Alternatively, the practitioner may terminate the business rescue and file for liquidation. Currently, if a practitioner files for liquidation within 25 working days from his appointment, he may be considered prudent, but if he fails to publish a plan and simply waits for three months or longer before filing for liquidation, his actions should be deemed reckless. Timing of what happens, and when is crucial in measuring the compliance competency of the business rescue practitioner. 

Business rescue is the process of balancing the rights of the affected parties with the needs of the Company

A business rescue plan can only be adopted by the creditors (and shareholders in certain cases) of the Company. The practitioner provides a framework (being the business rescue plan), for what the best return for creditors could be, while balancing this against the needs of the Company.

If the Company is to remain in business, it will require staff, working capital, and assets to continue operating. This implies that the Company must be solvent to continue with its operations, which in turn, implies that there should be more assets than liabilities in the Company post-adoption of the plan. Unless the creditors are paid 100 cents in the Rand, in the case where assets exceed the liabilities, a plan to continue trading means that the creditors must agree that what they recover in the plan, must be balanced with the needs of the Company.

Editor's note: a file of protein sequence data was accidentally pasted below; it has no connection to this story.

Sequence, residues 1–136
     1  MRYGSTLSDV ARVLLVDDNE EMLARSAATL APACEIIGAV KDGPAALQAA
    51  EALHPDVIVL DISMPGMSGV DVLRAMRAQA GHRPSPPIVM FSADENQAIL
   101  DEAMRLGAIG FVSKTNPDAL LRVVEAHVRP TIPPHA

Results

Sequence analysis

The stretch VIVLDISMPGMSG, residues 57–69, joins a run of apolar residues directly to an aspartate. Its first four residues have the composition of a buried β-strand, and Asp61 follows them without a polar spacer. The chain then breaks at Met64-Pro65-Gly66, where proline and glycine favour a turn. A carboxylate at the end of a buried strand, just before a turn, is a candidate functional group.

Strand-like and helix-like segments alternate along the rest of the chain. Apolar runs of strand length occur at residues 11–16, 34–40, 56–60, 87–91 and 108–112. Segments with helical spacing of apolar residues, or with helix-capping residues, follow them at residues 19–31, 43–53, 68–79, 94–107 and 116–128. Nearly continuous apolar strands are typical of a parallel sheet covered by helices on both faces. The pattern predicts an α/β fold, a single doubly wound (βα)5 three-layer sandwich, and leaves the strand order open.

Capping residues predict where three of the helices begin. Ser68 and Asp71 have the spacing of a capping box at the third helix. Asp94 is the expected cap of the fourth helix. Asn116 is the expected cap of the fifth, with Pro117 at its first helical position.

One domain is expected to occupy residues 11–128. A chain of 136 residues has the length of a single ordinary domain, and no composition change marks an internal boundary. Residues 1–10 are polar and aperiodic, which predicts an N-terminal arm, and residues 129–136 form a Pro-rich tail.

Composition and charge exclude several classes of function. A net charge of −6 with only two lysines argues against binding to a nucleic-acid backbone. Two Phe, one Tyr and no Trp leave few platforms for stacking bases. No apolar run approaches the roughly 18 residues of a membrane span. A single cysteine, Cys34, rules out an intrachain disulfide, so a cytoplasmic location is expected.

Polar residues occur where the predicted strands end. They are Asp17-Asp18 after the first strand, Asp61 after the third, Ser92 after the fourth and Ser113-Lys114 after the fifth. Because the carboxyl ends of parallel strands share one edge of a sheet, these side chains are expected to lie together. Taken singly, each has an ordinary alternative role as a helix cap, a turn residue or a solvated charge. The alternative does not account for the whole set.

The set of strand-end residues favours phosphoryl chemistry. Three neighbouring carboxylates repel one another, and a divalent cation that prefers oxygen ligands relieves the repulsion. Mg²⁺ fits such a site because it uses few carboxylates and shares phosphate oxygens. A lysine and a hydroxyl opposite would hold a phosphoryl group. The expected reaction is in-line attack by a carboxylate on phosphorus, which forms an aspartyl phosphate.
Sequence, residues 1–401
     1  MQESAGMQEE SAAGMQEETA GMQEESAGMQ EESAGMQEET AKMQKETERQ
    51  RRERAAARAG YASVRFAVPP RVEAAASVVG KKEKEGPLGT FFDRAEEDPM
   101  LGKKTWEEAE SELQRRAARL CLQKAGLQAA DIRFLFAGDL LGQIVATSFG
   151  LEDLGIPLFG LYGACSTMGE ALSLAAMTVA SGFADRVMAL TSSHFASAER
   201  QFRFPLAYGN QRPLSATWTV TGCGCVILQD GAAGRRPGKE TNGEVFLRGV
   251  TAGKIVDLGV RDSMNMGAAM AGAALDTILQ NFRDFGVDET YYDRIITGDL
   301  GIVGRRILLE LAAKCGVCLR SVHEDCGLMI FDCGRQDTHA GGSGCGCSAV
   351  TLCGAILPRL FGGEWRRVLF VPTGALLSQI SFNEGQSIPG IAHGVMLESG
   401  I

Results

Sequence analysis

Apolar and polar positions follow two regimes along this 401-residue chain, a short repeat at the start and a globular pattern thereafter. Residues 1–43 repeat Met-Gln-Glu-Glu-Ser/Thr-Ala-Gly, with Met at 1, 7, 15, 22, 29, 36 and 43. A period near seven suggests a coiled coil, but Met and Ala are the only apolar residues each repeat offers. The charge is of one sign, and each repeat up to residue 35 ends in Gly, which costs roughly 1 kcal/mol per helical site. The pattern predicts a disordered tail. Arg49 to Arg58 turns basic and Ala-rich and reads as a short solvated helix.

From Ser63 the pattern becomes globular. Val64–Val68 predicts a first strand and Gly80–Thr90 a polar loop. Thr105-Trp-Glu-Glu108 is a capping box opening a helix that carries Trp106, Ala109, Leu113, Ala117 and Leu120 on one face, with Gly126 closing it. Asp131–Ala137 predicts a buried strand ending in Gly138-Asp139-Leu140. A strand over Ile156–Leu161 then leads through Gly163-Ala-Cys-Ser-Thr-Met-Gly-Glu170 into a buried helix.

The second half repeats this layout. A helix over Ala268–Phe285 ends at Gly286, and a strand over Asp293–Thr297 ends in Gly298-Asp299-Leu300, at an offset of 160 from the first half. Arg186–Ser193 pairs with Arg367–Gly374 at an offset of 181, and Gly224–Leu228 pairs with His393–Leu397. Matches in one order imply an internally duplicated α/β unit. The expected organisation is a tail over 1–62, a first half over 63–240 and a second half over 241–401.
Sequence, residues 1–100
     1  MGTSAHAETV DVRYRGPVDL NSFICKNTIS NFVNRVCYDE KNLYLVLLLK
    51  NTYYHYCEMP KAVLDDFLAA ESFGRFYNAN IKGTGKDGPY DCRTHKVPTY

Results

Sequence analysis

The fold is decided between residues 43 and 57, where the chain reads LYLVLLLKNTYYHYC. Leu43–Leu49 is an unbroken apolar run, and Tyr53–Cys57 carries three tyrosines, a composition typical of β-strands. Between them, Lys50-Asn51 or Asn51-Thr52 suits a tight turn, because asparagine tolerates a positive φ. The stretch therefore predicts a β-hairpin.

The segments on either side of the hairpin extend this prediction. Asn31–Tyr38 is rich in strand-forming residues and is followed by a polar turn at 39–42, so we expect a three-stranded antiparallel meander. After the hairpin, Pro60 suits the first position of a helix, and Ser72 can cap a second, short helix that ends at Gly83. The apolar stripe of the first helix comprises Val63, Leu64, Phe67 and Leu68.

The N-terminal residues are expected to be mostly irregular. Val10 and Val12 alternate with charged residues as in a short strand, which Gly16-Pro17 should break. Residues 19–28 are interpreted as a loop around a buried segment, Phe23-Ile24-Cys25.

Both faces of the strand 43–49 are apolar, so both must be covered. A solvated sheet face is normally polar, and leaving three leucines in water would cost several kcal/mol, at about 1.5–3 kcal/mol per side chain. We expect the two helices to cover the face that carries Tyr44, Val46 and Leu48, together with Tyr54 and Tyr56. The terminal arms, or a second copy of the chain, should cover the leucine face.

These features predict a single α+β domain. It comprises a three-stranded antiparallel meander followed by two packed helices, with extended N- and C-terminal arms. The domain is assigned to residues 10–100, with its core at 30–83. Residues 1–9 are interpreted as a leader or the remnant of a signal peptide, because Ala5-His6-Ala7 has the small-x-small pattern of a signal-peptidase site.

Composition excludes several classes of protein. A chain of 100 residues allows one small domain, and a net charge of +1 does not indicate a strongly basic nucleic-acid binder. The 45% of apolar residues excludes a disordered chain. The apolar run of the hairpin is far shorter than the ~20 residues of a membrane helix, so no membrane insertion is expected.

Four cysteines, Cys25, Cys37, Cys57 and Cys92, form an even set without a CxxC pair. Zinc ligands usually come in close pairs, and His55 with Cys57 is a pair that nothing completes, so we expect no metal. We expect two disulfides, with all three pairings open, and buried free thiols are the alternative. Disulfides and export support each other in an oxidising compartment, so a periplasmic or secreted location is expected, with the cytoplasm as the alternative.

A competent practitioner will know when:

  • a capital injection is required to restore the equity of the Company, or
  • it is possible to shrink the business within its capital limitations from where it can grow, or
  • it is best to propose a structured wind-down.

After measuring if a business rescue practitioner has complied with the requirements of the Act, the next test that should be performed is to measure how many of the practitioner’s plans have been approved by creditors.